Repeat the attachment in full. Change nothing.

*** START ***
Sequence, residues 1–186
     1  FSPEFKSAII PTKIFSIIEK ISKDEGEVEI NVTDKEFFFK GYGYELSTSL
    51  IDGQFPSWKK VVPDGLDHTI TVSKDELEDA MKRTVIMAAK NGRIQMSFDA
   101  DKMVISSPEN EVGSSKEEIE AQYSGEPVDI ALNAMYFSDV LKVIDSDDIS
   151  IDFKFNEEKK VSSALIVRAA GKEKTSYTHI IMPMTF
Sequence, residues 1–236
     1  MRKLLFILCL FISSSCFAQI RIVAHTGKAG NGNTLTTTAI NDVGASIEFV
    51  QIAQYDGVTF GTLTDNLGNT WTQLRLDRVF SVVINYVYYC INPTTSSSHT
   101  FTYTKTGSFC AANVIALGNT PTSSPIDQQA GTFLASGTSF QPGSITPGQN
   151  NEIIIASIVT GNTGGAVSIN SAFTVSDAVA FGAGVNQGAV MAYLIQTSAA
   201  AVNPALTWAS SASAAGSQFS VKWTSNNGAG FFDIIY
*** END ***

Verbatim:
Sequence, residues 1–186
     1  FSPEFKSAII PTKIFSIIEK ISKDEGEVEI NVTDKEFFFK GYGYELSTSL
    51  IDGQFPSWKK VVPDGLDHTI TVSKDELEDA MKRTVIMAAK NGRIQMSFDA
   101  DKMVISSPEN EVGSSKEEIE AQYSGEPVDI ALNAMYFSDV LKVIDSDDIS
   151  IDFKFNEEKK VSSALIVRAA GKEKTSYTHI IMPMTF
Sequence, residues 1–236
     1  MRKLLFILCL FISSSCFAQI RIVAHTGKAG NGNTLTTTAI NDVGASIEFV
    51  QIAQYDGVTF GTLTDNLGNT WTQLRLDRVF SVVINYVYYC INPTTSSSHT
   101  FTYTKTGSFC AANVIALGNT PTSSPIDQQA GTFLASGTSF QPGSITPGQN
   151  NEIIIASIVT GNTGGAVSIN SAFTVSDAVA FGAGVNQGAV MAYLIQTSAA
   201  AVNPALTWAS SASAAGSQFS VKWTSNNGAG FFDIIY